World

Sri Lankans Maintain Hope in the Midst of Chaos

by Rajesh Srinivasan and Steve Crabtree

Three in five say permanent peace will eventually be achieved

GALLUP NEWS SERVICE

PRINCETON, NJ -- Last week a delicate cease-fire agreement between the Sri Lankan government and the separatist Liberation Tigers of Tamil Eelam (LTTE) was shattered when a female suicide bomber wounded the country's top army commander outside military headquarters in the capital city of Colombo, and killed 11 others. The incident was the most tragic result to date of the unrest that began in late 2005, further delaying a return to peace talks and generating fears that Sri Lanka may be on the verge of slipping back into civil war.

Sri Lanka, once a British colony called Ceylon and touted as the Paradise of Asia, has been anything but peaceful for the last two decades. The ethnic strife between the Sinhalese majority and the Tamil minority concentrated in the North and East originated in the late 1970s and gathered momentum in the late '80s and early '90s. It has turned parts of the country into a perpetual war zone, resulting in extensive loss of life (more than 60,000 are believed to have been killed over the last two decades due to civil war), destruction of property, and displacement of thousands of families. The devastation caused by the tsunami of December 2004 has compounded Sri Lanka's social and economic burdens.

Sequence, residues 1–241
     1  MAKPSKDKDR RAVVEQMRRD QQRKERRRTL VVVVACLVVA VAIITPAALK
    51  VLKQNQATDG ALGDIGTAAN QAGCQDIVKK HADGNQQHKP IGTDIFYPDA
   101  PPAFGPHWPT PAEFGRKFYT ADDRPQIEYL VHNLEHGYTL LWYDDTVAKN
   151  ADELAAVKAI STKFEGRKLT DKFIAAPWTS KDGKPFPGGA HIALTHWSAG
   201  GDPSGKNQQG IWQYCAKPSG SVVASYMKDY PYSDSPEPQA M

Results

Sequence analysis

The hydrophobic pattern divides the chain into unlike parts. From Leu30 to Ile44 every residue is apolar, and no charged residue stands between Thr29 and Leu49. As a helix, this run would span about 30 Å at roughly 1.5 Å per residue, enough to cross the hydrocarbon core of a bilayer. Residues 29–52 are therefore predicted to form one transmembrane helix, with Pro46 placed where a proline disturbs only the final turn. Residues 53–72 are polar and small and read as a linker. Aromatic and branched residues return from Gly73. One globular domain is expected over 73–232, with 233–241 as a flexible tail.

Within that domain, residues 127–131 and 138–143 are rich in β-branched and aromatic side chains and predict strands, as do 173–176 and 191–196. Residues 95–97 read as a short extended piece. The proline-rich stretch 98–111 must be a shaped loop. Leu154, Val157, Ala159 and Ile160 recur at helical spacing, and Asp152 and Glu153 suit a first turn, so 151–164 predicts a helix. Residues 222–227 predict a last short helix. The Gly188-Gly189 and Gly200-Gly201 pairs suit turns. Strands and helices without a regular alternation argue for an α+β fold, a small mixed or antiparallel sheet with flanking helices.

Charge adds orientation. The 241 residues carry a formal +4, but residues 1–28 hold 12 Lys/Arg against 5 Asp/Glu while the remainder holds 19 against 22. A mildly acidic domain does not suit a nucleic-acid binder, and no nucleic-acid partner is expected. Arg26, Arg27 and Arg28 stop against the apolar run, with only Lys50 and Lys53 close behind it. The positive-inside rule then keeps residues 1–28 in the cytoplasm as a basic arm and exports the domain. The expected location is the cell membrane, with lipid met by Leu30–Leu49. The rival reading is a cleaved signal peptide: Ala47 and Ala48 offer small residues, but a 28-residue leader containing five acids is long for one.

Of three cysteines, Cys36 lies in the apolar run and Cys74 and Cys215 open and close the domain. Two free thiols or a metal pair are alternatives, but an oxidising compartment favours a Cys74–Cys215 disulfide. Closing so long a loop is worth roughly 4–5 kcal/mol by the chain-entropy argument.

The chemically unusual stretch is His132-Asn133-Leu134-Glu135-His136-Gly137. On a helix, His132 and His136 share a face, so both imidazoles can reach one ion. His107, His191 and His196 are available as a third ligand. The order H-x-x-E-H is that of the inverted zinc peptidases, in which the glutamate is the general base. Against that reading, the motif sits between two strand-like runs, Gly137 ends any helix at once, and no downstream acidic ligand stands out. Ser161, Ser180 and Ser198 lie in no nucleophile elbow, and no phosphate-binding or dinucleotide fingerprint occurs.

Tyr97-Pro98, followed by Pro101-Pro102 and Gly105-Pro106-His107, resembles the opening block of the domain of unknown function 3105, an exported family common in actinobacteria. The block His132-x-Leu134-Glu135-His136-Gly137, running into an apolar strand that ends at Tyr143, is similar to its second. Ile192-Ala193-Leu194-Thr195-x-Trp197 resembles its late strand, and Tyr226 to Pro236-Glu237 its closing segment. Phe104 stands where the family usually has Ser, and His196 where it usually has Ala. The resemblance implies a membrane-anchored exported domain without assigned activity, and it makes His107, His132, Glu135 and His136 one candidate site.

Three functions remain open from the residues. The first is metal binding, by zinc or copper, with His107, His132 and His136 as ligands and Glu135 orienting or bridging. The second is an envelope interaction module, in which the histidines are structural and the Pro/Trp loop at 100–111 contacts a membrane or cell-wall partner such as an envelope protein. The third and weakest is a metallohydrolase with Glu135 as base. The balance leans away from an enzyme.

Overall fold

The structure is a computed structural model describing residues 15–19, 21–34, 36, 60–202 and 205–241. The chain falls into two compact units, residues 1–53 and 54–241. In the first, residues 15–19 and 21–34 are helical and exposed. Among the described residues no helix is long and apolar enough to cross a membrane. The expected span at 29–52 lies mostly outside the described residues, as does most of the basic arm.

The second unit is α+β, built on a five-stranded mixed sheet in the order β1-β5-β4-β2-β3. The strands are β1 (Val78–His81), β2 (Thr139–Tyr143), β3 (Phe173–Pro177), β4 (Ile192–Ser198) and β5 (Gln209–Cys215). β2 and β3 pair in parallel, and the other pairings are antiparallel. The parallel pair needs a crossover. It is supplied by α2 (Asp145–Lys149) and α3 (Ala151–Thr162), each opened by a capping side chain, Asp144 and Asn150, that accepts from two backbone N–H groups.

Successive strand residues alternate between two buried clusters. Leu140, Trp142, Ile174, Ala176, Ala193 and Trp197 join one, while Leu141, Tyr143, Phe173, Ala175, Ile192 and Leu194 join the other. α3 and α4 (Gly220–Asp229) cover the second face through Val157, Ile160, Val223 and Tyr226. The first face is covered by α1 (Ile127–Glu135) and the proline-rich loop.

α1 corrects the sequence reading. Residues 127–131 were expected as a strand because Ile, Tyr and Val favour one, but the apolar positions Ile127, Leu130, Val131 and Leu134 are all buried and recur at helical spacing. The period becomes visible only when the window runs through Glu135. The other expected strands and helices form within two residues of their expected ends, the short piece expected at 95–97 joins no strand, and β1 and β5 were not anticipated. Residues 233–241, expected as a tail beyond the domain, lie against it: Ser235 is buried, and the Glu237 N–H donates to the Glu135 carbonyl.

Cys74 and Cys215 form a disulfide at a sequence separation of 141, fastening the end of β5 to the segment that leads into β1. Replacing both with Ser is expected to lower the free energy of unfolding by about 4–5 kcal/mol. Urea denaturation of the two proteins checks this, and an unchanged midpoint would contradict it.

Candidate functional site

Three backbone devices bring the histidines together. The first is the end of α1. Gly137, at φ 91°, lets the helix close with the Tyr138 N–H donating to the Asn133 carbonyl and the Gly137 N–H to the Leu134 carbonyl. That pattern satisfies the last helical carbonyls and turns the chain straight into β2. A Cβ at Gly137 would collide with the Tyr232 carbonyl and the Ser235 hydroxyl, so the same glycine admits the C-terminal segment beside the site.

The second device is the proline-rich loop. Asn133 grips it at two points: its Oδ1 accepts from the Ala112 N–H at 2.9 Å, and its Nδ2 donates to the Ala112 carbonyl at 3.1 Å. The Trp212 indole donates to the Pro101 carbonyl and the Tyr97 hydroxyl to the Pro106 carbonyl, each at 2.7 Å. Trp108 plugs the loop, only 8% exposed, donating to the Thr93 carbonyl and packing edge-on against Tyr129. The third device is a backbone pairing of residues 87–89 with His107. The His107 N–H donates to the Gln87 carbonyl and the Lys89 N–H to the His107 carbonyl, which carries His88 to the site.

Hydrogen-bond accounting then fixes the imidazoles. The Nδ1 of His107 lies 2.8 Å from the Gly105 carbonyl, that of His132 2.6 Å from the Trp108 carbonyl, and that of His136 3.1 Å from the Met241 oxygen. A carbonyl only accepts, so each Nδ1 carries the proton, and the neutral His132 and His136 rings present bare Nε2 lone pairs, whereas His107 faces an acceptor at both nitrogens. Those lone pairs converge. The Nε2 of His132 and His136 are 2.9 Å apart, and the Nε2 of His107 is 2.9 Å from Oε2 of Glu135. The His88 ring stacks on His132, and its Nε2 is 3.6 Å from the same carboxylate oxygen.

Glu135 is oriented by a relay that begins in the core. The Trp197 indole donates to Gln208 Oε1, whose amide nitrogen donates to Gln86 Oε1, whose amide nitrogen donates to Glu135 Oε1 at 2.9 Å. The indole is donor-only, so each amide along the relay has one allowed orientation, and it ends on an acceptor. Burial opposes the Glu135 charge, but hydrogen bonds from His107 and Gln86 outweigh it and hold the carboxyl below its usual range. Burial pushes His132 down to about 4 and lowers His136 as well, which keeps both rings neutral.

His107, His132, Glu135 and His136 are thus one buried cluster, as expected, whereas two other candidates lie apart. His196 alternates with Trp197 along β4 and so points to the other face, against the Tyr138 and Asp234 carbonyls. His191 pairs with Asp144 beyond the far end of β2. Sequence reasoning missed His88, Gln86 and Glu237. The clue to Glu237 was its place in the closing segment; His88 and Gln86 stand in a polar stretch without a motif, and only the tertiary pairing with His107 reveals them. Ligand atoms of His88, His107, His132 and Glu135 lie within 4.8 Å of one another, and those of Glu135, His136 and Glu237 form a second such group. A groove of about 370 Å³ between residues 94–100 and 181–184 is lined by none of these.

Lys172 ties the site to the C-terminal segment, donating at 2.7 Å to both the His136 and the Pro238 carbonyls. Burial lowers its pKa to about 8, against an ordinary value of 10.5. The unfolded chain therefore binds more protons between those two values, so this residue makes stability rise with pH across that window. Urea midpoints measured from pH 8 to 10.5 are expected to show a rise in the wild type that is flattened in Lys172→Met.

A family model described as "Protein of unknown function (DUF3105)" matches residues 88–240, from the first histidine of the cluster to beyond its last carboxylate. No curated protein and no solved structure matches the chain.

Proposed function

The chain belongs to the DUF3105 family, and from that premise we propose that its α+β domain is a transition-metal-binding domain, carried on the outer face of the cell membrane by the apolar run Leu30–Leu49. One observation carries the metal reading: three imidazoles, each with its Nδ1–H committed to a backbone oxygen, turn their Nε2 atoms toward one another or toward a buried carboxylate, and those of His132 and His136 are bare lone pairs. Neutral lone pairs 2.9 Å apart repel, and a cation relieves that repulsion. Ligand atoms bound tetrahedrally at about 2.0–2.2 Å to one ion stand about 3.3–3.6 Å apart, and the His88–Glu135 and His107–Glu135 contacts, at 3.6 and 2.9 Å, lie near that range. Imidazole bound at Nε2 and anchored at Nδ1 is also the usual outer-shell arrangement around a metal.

But recent Gallup World Poll data suggest that hope for permanent peace is very much alive among Sri Lankans. Overall, about three in five Sri Lankans (62%) say permanent peace will eventually be achieved. In the Northern and Eastern areas most affected by the violence, almost half say they believe permanent peace will be achieved. Optimism is particularly prevalent among Hindus, the vast majority of whom are ethnic Tamils.

Do you think that permanent peace between the Sri Lankan government and the LTTE will ever be achieved?

Age

Total

15-24

25-34

35-44

45-54

55+

Yes

62%

65%

60%

59%

55%

70%

No

19

18

21

23

21

12

Don't know

18

17

16

17

23

17

Refused

1

0

3

1

0

1



Region

Total

North

East

South

West

Central

North-
west

North-
Central

Yes

62%

48%

46%

91%

69%

57%

55%

67%

No

19

12

14

8

17

21

18

24

Don't know

18

40

40

1

13

22

27

9

Refused

1

0

0

0

2

0

0

0


Religion

Total

Buddhist

Hindu

Muslim

Roman
Catholic

Yes

62%

59%

88%

79%

60%

No

19

20

5

10

23

Don't know

18

20

7

10

17

Refused

1

1

0

0

0

This hope is bolstered by prevailing confidence in the Sri Lankan government's commitment to finding peace, and in the efforts of current leaders and organizations involved in the peace process. Even in the tumultuous Northern and Eastern parts of the country, as well as among Hindus, confidence in the government's commitment to finding peace through talks is high.

In general, do you think that the government is committed to finding peace through talks?

Age

Total

15-24

25-34

35-44

45-54

55+

Yes

83%

83%

84%

81%

86%